Survivor Skupin denies he’s running a Ponzi scheme; Jennifer Lawrence and RHONJ; TAR’s Travelocity prizes

  • Two-time Survivor cast member Michael Skupin was confronted by a local news reporter in Detroit and, in an incredibly long 12-minute segment, eviscerated for things like his foreclosed house, three marriages, traffic violations, and warrant for his arrest. The report focuses on his Pay it Forward system, which is described on his web site as “a financial sharing program wherein everyone benefits”; Mike even gives his bank account info for people to deposit money into. A post on its Facebook page said, “This is not a gimmick, a joke or an illegal pyramid scheme. YES it IS a pyramid, EVERYTHING is. YOUR JOB is a pyramid correct?”
  • Fox’s Detroit affiliate investigative reporter Rob Wolchek focused on Skupin for his Hall of Shame segment, and Skupin calls the business an “Internet cycler” and says “it’s not a Ponzi scheme,” and insists, “I’m helping hundreds and hundreds of people.” The whole thing is very awkward, to say the least.

  • Jennifer Lawrence said her performance in American Hustle was inspired by Real Housewives of New Jersey: “I can’t tell where it came from because I just kind of started speaking in it, and I’ve been watching a lot of reality TV shows and those reality TV shows have a lot of New Jersey women, so I can’t say that it’s not from them. I wish I could, I really wish I could.”
  • Britain’s Got Talent breakout star Susan Boyle revealed she has Asperger’s, saying that while some have suggested she has brain damage, “I have always known that I have had an unfair label put upon me.” Last year, she says she learned, “I have Asperger’s. It is a relief.”
  • Dismissed US X Factor judge Cheryl Cole settled her lawsuit with producers out of court; she had previous sued for $2.3 million.
  • The incredible documentary Hoop Dreams has been restored and will be screened at Sundance in 2014, 20 years after it first premiered there. If you haven’t seen it, the pre-restoration version is free on Hulu.
  • Survivor Amazon‘s Heidi Strobel is profiled: she’s now Heidi Hamels, and runs a foundation that “saves the lives of children in a far-away country.”
  • Amazing Race 21 contestant talks about his time on the show, including passport theft and the strings that come with the Travelocity prizes.
  • The Sportsman Channel is giving Sarah Palin a reality series, kind of, with an April series called Amazing America with Sarah Palin; the network says it “is an anthology of stories that explore some of the most original, interesting — and sometimes inspiring — people, places and pastimes connected to America’s outdoors lifestyle.”
  • Former So You Think You Can Dance judge Adam Shankman is in rehab.
  • Three reality shows are being shot in Maine right now, including Animal Planet’s North Woods Law, which has brought the state to the attention of other producers.
  • Discovery is considering buying Scripps Networks, which owns Food Network, Travel Channel, and HGTV.
  • Asylum Entertainment, the production company that has produced reality series such as Beverly Hills Pawn and Maui Fever, has been acquired by Legendary Entertainment, which is best-known for producing scripted films such as Christopher Nolan’s Batman series and The Hangover films, among many others.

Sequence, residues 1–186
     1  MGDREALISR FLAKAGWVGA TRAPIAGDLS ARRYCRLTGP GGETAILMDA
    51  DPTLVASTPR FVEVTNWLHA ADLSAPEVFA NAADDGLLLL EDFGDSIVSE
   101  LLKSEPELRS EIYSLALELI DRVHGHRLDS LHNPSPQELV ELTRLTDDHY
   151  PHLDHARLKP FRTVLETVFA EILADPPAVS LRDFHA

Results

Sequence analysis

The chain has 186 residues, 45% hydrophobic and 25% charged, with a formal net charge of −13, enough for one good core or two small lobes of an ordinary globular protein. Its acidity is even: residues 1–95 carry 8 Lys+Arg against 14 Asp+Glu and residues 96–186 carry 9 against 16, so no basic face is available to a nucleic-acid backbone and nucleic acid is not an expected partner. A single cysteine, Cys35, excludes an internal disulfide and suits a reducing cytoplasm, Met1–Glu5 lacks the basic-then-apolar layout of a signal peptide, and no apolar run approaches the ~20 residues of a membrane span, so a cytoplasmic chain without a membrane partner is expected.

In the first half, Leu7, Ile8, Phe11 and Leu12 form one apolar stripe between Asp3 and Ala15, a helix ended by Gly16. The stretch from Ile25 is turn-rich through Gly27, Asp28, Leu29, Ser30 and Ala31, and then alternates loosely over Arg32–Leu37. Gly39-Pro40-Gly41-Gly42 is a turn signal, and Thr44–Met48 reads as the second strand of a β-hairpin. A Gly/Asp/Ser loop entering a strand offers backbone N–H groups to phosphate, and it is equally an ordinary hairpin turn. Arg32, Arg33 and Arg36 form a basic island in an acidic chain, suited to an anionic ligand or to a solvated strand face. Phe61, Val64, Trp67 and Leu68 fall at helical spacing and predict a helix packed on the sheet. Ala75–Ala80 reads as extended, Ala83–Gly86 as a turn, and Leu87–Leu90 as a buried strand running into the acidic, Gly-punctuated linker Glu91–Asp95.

• An interesting comparison between two topically similar but very, very different reality series: Pawn Stars and Antiques Roadshow.
  • A list from Australia of “five reality television shows that can actually teach you something useful.”
  • Bio Channel is no more, as A+E Networks has changed it to FYI, which is described in a press release as a network that “embraces the way we really live our lives, proudly-hyphenated and not constrained by one passion or interest. It blends the inspiring personal creativity of our viewers and the emergence of powerful digital entrants to this space with a linear reach that will create a platform for new approaches to content.” And after reading those sentences, I still have no idea what the new network is about.
  • Channel 4’s Bafta-nominated The Audience returned but was bumped to a different channel because of low ratings. The show follows 50 people advised someone who needed to make some kind of decision in their life.
  • The Quest ends its journey stronger than it began

    Verlox from The Quest

    A review of the finale of summer's best reality series, which wasn't always perfect but was thoroughly entertaining right down to the finish, which included phenomenal challenges and special effects. Will ABC give it a second season?

    Plus: an interview with the actor who played Verlox and the ogre.


    Shark Tank is getting a spin-off

    Shark Tank

    Companies that get deals on the show will be followed for this new spin-off.

    Also: Before the show began, Shark Barbara Corcoran was cast and then replaced--but then she sent this amazing e-mail and won the job.

    about the writer

    Andy Dehnart is a journalist who has covered reality television for more than 15 years and created reality blurred in 2000. A member of the Television Critics Association, his writing and criticism about television, culture, and media has appeared on NPR and in Playboy, Buzzfeed, and many other publications. Andy, 36, also directs the journalism program at Stetson University in Florida, where he teaches creative nonfiction and journalism. He has an M.F.A. in nonfiction writing and literature from Bennington College. More about reality blurred and Andy.